• To export your data as Cypher statements, use, use the Cypher Export command.
  • To export your data as CSV, use the Cypher Import command with the -o file option which will output the results of your queries into a CSV file.
  • To export your data as GraphML, use the GraphML Export command.
  • To export your data as a binary file, use the Export Binary command.

Cypher Export

If you have a populated database, you can dump it completely or partially (by using a Cypher statement) to a script-file which uses Cypher and neo4j-shell commands to control the import.

The export order is:

  1. Nodes batched in transactions
  2. Schema information like indexes and constraints
  3. Relationships by looking up nodes by primary keys and connecting them, also batched in transactions
$ export-cypher [-o export.cypher] [-r] [-b 10000] [MATCH (p:Person)-[r:ACTED_IN]->(m:Movie) RETURN *]
  • -o file.cypher: output file for dump, if left blank the output is sent to the neo4j-shell output and has to be redirected
  • -b size: batch size for commit batches for nodes and relationships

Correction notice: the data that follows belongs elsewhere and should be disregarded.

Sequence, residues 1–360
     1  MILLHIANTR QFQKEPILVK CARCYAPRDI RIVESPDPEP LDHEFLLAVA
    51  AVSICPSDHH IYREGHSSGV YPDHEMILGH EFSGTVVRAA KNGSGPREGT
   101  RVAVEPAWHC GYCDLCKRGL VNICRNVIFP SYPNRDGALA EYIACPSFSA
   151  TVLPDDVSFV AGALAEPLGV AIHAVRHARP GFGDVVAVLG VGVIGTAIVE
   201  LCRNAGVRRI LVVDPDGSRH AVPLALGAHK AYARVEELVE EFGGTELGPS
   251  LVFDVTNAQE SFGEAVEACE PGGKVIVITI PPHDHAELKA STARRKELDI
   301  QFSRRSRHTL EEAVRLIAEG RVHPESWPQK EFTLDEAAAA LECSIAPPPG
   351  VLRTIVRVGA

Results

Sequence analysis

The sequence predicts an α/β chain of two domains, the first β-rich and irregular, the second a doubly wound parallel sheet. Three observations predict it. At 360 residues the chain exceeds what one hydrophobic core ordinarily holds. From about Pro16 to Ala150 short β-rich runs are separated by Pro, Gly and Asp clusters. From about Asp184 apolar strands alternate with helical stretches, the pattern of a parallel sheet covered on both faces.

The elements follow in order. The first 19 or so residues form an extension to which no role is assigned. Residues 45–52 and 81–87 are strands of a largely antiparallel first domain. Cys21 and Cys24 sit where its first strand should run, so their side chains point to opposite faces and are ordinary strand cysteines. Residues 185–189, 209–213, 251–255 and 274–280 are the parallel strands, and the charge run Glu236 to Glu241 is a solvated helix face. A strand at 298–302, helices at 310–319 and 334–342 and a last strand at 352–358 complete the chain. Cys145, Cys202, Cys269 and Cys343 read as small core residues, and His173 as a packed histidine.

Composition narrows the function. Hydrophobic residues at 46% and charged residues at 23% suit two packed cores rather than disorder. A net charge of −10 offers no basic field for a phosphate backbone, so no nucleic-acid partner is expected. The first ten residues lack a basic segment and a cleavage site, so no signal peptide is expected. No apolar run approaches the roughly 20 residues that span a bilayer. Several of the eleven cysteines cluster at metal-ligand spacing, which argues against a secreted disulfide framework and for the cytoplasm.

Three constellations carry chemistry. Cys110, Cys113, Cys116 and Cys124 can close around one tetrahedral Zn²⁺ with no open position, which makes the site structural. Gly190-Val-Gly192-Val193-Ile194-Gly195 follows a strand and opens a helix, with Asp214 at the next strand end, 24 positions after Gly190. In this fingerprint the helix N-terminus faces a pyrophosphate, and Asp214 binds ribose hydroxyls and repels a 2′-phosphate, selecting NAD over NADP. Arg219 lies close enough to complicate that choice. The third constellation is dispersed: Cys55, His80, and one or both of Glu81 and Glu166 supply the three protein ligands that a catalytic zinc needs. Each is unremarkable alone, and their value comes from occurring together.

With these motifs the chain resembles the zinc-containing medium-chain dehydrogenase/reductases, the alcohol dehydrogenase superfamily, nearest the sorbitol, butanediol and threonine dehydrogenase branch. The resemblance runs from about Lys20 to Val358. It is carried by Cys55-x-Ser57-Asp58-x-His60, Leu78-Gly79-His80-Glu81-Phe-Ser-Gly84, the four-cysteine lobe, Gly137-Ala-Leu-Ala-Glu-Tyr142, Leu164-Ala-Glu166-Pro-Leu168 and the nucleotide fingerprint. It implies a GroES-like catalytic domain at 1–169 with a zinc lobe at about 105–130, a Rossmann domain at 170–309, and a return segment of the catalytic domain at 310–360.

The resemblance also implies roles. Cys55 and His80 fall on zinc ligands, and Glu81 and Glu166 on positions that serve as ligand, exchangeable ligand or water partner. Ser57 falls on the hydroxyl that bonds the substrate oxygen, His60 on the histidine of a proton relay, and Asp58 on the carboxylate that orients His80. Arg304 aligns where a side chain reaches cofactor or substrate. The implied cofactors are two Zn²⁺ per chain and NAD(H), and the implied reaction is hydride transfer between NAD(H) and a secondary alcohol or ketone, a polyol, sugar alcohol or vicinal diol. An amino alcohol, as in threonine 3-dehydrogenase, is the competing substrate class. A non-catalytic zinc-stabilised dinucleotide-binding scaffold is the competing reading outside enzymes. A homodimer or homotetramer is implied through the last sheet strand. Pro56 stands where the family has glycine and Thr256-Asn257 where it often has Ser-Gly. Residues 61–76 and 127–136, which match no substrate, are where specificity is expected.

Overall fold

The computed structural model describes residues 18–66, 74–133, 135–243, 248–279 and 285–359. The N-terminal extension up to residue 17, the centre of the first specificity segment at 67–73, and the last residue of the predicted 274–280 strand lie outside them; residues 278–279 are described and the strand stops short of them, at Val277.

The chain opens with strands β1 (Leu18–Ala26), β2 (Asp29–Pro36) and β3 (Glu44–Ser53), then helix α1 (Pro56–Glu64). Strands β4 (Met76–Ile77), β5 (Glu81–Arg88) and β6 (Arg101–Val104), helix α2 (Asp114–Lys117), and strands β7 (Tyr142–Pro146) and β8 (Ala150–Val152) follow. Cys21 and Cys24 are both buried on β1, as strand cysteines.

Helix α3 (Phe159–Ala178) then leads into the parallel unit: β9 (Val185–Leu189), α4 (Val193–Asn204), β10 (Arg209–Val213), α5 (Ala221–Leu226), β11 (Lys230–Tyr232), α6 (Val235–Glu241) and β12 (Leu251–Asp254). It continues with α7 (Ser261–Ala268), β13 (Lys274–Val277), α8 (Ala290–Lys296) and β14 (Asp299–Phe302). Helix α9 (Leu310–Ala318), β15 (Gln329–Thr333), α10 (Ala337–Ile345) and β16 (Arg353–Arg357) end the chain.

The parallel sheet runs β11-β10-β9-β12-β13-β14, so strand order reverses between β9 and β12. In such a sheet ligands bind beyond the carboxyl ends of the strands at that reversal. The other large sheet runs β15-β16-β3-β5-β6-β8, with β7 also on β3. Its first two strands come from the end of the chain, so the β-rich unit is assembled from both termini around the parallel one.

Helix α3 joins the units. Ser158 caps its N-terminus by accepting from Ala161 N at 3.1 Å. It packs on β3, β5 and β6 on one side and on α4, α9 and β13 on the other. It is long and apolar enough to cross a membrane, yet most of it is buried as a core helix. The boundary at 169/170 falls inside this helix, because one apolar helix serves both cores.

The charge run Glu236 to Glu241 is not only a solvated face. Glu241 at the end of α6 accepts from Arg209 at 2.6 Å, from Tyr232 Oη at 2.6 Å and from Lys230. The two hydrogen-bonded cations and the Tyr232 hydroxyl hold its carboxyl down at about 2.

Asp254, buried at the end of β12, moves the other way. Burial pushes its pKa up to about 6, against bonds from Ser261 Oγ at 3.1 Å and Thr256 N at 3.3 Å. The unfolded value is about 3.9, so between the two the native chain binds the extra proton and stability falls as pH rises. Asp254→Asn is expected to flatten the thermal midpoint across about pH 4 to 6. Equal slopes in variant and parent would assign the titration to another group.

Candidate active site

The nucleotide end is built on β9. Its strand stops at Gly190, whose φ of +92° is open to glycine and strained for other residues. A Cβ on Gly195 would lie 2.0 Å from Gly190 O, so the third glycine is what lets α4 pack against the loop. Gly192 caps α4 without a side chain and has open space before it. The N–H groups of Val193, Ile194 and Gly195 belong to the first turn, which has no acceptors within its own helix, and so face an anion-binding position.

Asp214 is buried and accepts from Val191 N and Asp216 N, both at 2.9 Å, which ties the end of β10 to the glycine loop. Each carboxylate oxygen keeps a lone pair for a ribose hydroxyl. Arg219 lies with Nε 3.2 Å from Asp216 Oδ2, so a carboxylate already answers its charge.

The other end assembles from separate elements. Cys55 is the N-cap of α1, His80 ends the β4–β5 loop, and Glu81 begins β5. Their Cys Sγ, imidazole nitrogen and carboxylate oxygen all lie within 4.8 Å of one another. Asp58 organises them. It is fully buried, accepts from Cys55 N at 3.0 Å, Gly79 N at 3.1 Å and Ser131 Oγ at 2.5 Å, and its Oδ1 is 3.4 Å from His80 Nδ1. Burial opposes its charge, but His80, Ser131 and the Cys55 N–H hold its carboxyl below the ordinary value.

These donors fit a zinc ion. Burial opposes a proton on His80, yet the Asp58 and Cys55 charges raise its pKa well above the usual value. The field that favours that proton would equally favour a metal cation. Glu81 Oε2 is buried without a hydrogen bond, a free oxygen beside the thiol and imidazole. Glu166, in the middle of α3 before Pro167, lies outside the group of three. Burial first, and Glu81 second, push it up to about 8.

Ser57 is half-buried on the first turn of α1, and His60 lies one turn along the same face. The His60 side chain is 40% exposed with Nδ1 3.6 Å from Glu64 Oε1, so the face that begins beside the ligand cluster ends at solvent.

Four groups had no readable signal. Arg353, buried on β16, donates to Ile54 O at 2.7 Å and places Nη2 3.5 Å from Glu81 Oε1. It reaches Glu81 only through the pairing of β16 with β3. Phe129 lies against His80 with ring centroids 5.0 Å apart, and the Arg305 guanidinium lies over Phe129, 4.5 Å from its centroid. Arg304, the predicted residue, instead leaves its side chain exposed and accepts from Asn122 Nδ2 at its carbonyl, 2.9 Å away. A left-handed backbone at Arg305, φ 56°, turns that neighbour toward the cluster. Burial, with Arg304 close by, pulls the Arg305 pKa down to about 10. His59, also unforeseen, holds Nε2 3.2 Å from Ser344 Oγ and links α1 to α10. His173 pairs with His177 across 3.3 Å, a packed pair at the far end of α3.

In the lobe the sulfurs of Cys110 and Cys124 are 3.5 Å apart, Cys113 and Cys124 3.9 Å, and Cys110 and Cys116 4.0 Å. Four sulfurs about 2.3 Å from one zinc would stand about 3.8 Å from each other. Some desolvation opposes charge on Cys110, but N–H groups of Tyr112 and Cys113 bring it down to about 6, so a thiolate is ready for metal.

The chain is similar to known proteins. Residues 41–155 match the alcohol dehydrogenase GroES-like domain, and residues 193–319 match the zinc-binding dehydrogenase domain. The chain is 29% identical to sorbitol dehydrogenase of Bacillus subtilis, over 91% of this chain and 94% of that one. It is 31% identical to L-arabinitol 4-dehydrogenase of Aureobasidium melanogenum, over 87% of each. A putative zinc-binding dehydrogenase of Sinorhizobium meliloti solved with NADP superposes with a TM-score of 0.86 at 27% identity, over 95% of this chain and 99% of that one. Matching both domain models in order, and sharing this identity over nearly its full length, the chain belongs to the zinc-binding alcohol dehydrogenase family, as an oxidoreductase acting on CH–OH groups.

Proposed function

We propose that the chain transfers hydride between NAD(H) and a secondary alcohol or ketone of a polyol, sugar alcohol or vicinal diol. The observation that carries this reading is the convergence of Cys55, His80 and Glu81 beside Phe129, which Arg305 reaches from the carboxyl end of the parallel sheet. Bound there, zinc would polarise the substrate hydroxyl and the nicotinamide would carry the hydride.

• -r add all nodes of selected relationships, also add relationships between selected nodes

Note: For nodes that don't have a unique constraint, a temporary label (UNIQUE IMPORT LABEL) and property (UNIQUE IMPORT ID) are added to allow later lookup in the relationship-generation section. A constraint for UNIQUE IMPORT LABEL(UNIQUE IMPORT ID) is added too. All, the constraint, the label and the property are removed at the end of the import script again.

Example dump file:

$ export-cypher -r -o test.cypher match (n)-[r]->() return n,r

// create nodes
begin
CREATE (:`UNIQUE IMPORT LABEL` {`UNIQUE IMPORT ID`:0});
CREATE (:`User` {`age`:43, `name`:"User1"});
commit

// add schema
begin
CREATE INDEX ON :`User`(`age`);
CREATE CONSTRAINT ON (node:`User`) ASSERT node.`name` IS UNIQUE;
CREATE CONSTRAINT ON (node:`UNIQUE IMPORT LABEL`) ASSERT node.`UNIQUE IMPORT ID` IS UNIQUE;
commit
schema await

// create relationships
begin
MATCH (n1:`UNIQUE IMPORT LABEL`{`UNIQUE IMPORT ID`:0}), (n2:`User`{`name`:"User1"}) CREATE (n1)-[:`KNOWS` {`since`:2011}]->(n2);
commit

// clean up temporary import keys
begin
MATCH (n:`UNIQUE IMPORT LABEL`)  WITH n LIMIT 1000 REMOVE n:`UNIQUE IMPORT LABEL` REMOVE n.`UNIQUE IMPORT ID`;
commit
begin
DROP CONSTRAINT ON (node:`UNIQUE IMPORT LABEL`) ASSERT node.`UNIQUE IMPORT ID` IS UNIQUE;
commit

Binary Export

Export your Neo4j graph database to a binary file.

$ export-binary -o out.bin
  • -o out.bin

Usage:

$ export-binary -o out.bin

GraphML Export

Export your Neo4j graph database to GraphML files. GraphML is an XML file format used to describe graphs. Can be used to import and visualize your graph in Gephi.